So critical is the shortage of welders and shipbuilders for Poland’s shipping industry that Poland and Germany are close to an accord that would allow unemployed workers from northern German ports to work in Poland.

(more…)

The Guardian reports on the industry that has grown around clandestine immigration from West Africa to Spain.  Areas of Senegal are becoming ports of call for Africans who, throwing caution to the wind, board flimsy vessels with the hope of reaching the nearest piece of European soil.

 Now the village [of Diogue] economy has found a new source of income: emigration. The hopefuls have to stock up on water, food and other supplies for the voyage, which can take two weeks. There are bargains to be had as the young men who are leaving sell anything they will not be needing where they are going – local currency is exchanged for euros at less than the going rate and mobile phones are dirt cheap. Many struggling fishermen have sold their pirogues to people-smugglers. But once the money has been spent, they find themselves with no way to make a living.

Africans are making harrowing journeys out into the ocean, hoping to find their way to the Canary Islands.  These trips are make-or-break propositions, costing a lifetime’s savings, and threatening lives themselves.

Forsten, Edward and Isaac are a little less fearless. They are from Ghana, but have been in Gambia for the past year, working on a building site to save the 400,000 CFA francs, the currency of Senegal and other former French colonies, charged for the trip to Europe (about £400).

All Forsten has with him is a half-filled plastic bag of his belongings. He is aware of the dangers of going to Spain in a pirogue, but he says that he has no choice – his life in Ghana is little more than a day-to-day struggle for survival, ‘and I can’t see that ever changing’.

Edward and Isaac managed to get on a boat leaving from Diogue, and were off the coast of Mauritania when a huge storm blew up. Everyone in the boat – including the ‘captain’ – was so terrified that they decided to head back to Senegal. Two people died in the course of the voyage from exhaustion and sickness. Their bodies were thrown overboard. ‘It was like we had become animals,’ Edward says afterwards. ‘I realised that it wasn’t worth degrading ourselves, and risking our lives just to get to Europe, even though it means the end of our hopes of finding a way out of the dead end we are in. There is no work for us back home.’ They know that the jobs they left in Gambia to go to Diogue will have been filled by others.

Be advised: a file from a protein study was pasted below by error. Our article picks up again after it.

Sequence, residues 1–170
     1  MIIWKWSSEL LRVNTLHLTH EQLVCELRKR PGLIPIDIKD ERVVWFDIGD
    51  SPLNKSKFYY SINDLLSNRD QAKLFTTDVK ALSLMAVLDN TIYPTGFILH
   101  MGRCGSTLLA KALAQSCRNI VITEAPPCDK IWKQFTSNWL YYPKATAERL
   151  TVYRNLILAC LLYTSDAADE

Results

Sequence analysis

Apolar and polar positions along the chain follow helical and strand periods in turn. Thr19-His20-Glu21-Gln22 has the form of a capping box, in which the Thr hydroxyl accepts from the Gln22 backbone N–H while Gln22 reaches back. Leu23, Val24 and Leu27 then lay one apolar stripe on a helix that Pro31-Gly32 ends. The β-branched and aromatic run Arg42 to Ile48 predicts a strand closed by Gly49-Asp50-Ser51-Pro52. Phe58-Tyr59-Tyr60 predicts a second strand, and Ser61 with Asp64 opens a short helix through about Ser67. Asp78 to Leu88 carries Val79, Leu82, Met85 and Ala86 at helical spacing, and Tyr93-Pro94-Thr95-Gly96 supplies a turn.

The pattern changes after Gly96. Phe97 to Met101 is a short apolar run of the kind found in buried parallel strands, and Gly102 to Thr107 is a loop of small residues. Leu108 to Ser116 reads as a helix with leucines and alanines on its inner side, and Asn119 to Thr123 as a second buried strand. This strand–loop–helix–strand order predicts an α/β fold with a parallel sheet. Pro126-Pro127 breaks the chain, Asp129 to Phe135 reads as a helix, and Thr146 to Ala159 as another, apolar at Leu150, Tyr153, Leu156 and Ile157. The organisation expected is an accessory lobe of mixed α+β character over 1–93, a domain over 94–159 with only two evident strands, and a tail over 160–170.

Not only have they lost their dream of a better life, Edward and Isaac have also lost the money that they had worked for a year to save up – the man who organised the voyage refused to reimburse them. Now they set off on the long journey back to Ghana. Isaac has a Spanish phrasebook tucked into his plastic bag. Will they make another attempt, once they have got some more money together? ‘When we were on that boat we saw into the pit,’ he says. ‘We were so tightly packed in there that no one could move. There were a number of us who couldn’t speak to anyone, because we didn’t share the same language. After the storm the supplies of food and water began to run out. Most of us had never been at sea before. We were ill and scared, and then the people started dying…’ His voice trails off. ‘I can’t describe how awful it was. Nothing is worth that.’

Read the article for more testimonials.